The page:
Commissioning home care for older people
Practice example 1: St Monica Trust, BristolOpen
St Monica Trust is a Bristol charity for older people funded by a combination of income from residents and a well-established endowment fund. This allows the trust to make its high-quality services available to a wide range of older people, regardless of their financial background.
The trust’s Care at Home service works in a range of domestic settings with people who have highly complex needs. The creative and flexible care it offers has allowed it to help people whose needs have proven too complex for other agencies.
One of its staff has recently worked with Mr A, a paranoid schizophrenic who has lived in supported housing for the last six years. Mr A, who had a history of violence and spent time in mental health institutions throughout his adult life, had developed penile cancer but was refusing all treatment. He had not bathed or received any personal care since arriving, and this, along with his social problems, was making it difficult for him to stay in his home.
A carer from St Monica Trust, who had experience in mental health, gradually built up a relationship with Mr A. The carer got to know him at his own pace and found out that he was interested in crystal therapy and spirituality. The carer read up on the topic and worked with Mr A to choose the right crystal to help him sleep. Mr A is now receiving regular care for his tumour and personal care. He uses a bed rather than an upright chair and will accept other care staff to provide end-of-life care for him.
The commissioning authority highly recommends this service, which relies on well-trained carers who understand the importance of flexibility and creativity in care provision. A Citizens Advice Bureau case worker is also employed by St Monica Trust who can provide free and impartial advice on how people can fund their care.
Practice example 2: Maximising MobilityOpen
Maximising Mobility is a reablement project with a difference. It is delivered by the carers of users with limited mobility after the intensive work of the hospital physiotherapy home team has come to an end.
Double-up teams – carers who work exclusively with people who use equipment to get around – are given training by physiotherapists to continue mobility exercises with their users.
For example, Mr P had received intensive support from the hospital physiotherapy at-home team but continued to need practical support if he was to regain his independence. His carers helped him to carry on with the walking and stair-climbing exercises (home care providers are not usually expected to offer help on stairs) so that he was able to work towards using his shower rather than having to wash from a bowl in the living room.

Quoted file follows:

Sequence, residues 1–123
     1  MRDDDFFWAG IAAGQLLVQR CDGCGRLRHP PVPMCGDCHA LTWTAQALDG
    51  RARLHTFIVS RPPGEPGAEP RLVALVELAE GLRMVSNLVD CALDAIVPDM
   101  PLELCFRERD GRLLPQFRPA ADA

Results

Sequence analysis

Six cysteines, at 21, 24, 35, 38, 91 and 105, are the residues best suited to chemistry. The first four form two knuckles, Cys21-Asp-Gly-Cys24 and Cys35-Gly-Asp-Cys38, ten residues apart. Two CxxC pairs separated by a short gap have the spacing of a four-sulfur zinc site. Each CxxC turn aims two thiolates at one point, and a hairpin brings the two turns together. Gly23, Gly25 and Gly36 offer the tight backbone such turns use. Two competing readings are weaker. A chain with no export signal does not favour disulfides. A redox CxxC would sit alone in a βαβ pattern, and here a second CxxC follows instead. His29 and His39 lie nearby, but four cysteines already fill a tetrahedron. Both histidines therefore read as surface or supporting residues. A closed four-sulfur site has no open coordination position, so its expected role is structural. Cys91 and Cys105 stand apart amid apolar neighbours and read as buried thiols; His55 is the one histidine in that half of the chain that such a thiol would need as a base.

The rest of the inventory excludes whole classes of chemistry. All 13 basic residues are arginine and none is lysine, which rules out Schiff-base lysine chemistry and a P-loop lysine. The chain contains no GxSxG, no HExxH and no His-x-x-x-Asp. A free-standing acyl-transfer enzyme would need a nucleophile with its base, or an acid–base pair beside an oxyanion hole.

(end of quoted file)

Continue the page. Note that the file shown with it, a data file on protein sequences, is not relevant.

The benefits of this project have been felt by users and carers:
- in many cases, users have been able to reach parts of their homes they had been cut off from
- staff have developed the confidence and skills to provide the support they know their users need
- physiotherapists know that exercises are being done regularly and in an appropriately supervised way.
There have been some practical problems getting people reassessed for equipment or physiotherapy due to waiting lists, which have delayed progress and reduced motivation of both the user and staff. Finding the right training has been difficult and costly.
Where the scheme has been incorporated into a user’s existing commissioned package of care, it has been shown to reduce the amount of care needed – if not the number of visits, definitely the length of them – and long-term savings have good potential.
Most users of home care services want to return to have as much independence as possible – Maximising Mobility helps them to achieve that outcome.
Practice example 3: The Raglan Project – Monmouthshire County CouncilOpen
The Raglan Project is a pilot project looking at how to deliver a high standard of relationship-based home care to people with dementia. It is replacing task-based care with flexible care that is focused on the social and emotional needs as well as the physical needs of the person being supported.
Five full-time salaried staff work on a fixed rota with 12 to 15 people with dementia. Before the care begins, staff members establish a relationship with the person receiving care. Staff are then given the freedom to decide for themselves how the relationship and care should be managed – and their decisions are supported rather than controlled by management.
Feedback from interviews, care management reviews and the journals that each staff member completes provides evidence that the project is consistently successful.
It has been possible for people with complex care needs to stay at home rather than moving to permanent residential care or hospital. People who had disengaged from their local community and were neglecting themselves have been supported back to independence and re-engagement with their local community. Community-based social events that were established for all sections of the community are now independent and self-sustaining.
There is also is clear evidence that staff have better morale, health, wellbeing and job satisfaction. Sickness has remained at 0 per cent for 18 months.